Guide number 3 instructed people to use a common language — which would, of course, greatly reduce numerous difficulties throughout today’s world; achieving such a task is, however, impossible at the moment due to evident practical reasons. This is the part that bothered annoyed the Christians, who quoted the bible saying that a common tongue is the mark of the Antichrist — yeah, makes a lot of sense for me, too. Same thing with RULE PASSION—FAITH—TRADITION—AND ALL THINGS WITH TEMPERED REASON — for some, faith has to be the alpha and omega with nothing else in between. For others, yours truly included, finding a sustainable balance is a much nobler goal.

The structure sometimes referred to as an “American Stonehenge”, sure stirred a lot of controversies, but it got us thinking — which means that at least a part of its objective was achieved. Even ignoring the more controversial commandments, the final 6 should definitely be worth achieving. After all, what’s wrong with avoiding unnecessary officials and prizing the truth?

1 billion-year-old fossil ‘balls’ may be Earth’s earliest known multicellular life

1 billion-year-old fossil ‘balls’ may be Earth’s earliest known multicellular life

Scientists have discovered a rare evolutionary “missing link” dating to the earliest chapter of life on Earth. It’s a microscopic, ball-shaped fossil that bridges the gap between the very first living creatures — single-celled organisms — and more complex multicellular life.

1 billion-year-old fossil 'balls' may be Earth's earliest known multicellular life
Bicellum brasieri holotype specimen.

The spherical fossil contains two different types of cells: round, tightly packed cells with very thin cell walls at the centre of the ball, and a surrounding outer layer of sausage-shaped cells with thicker walls. Estimated to be 1 billion years old, this is the oldest known fossil of a multicellular organism, researchers reported in a new study. 

Life on Earth is widely accepted as having evolved from single-celled forms that emerged in the primordial oceans. However, this fossil was found in sediments from the bottom of what was once a lake in the northwest Scottish Highlands. The discovery offers a new perspective on the evolutionary pathways that shaped multicellular life, the scientists said in the study. 

“The origins of complex multicellularity and the origin of animals are considered two of the most important events in the history of life on Earth,” said lead study author Charles Wellman, a professor in the Department of Animal and Plant Sciences at the University of Sheffield in the United Kingdom.

“Our discovery sheds new light on both of these,” Sheffield said in a statement.

Today, little evidence remains of Earth’s earliest organisms. Microscopic fossils estimated to be 3.5 billion years old are credited with being the oldest fossils of life on Earth, though some experts have questioned whether chemical clues in the so-called fossils were truly biological in origin.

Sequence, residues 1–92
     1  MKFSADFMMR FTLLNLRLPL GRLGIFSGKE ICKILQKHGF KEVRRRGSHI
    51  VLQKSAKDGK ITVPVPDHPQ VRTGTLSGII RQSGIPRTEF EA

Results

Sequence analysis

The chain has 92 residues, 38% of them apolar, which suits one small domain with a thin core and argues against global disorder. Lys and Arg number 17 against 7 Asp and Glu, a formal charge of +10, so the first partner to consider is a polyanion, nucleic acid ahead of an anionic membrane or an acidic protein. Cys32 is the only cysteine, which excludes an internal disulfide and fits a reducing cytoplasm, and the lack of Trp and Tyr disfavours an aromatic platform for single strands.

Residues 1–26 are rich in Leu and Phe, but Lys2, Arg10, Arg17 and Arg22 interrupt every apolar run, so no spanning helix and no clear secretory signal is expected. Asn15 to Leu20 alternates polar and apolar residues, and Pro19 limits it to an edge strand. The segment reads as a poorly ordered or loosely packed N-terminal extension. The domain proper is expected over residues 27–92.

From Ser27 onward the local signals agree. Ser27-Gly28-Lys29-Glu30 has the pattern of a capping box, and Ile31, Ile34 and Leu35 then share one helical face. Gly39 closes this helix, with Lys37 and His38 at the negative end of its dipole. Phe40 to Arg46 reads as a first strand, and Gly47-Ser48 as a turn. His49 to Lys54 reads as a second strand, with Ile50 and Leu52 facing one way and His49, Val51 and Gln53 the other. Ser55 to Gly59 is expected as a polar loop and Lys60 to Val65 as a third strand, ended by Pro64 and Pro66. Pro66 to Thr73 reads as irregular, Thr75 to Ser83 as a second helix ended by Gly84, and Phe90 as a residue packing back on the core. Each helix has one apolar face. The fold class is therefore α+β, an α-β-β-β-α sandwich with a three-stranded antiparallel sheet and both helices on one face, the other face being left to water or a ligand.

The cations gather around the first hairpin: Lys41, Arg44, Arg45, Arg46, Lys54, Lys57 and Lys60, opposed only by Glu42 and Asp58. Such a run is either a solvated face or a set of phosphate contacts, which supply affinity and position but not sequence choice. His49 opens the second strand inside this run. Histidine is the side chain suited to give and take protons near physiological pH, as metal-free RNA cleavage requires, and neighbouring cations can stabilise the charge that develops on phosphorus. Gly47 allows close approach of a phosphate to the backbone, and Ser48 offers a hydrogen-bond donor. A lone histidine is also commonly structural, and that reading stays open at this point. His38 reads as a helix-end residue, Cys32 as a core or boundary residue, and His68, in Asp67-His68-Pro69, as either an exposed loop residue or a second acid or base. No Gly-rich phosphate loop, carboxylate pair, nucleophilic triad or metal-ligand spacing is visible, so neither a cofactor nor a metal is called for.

Other types of fossils associated with ancient microbes are even older: Sediment ripples in Greenland date to 3.7 billion years ago, and hematite tubes in Canada date between 3.77 billion and 4.29 billion years ago. Fossils of the oldest known algae, ancestor to all of Earth’s plants, are about 1 billion years old, and the oldest sign of animal life — chemical traces linked to ancient sponges — are at least 635 million and possible as much as 660 million years old, Live Science previously reported.

The tiny fossilized cell clumps, which the scientists named Bicellum brasieri, were exceptionally well-preserved in 3D, locked in nodules of phosphate minerals that were “like little black lenses in rock strata, about one centimetre [0.4 inches] in thickness,” said lead study author Paul Strother, a research professor in the Department of Earth and Environmental Sciences at Boston College’s Weston Observatory. 

“We take those and slice them with a diamond saw and make thin sections out of them,” grinding the slices thin enough for light to shine through — so that the 3D fossils could then be studied under a microscope, Strother told Live Science.

Surface view of a B. brasieri specimen, showing the tiled pattern of sets of elongated cells.

The researchers found not just one B. brasieri cell clump embedded in phosphate, but multiple examples of spherical clumps that showed the same dual cell structure and organization at different stages of development. This enabled the scientists to confirm that their find was once a living organism, Strother said.

“Bicellum” means “two-celled,” and “brasieri” honours the late palaeontologist and study co-author, Martin Brasier. Prior to his death in 2014 in a car accident, Brasier was a professor of paleobiology at the University of Oxford in the U.K., Strother said.

Multicellular and mysterious

In the B. brasieri fossils, which measured about 0.001 inches (0.03 millimeters) in diameter, the scientists saw something they had never seen before: evidence from the fossil record marking the transition from single-celled life to multicellular organisms. The two types of cells in B. brasieri differed from each other not only in their shape, but in how and where they were organized in the organism’s “body.”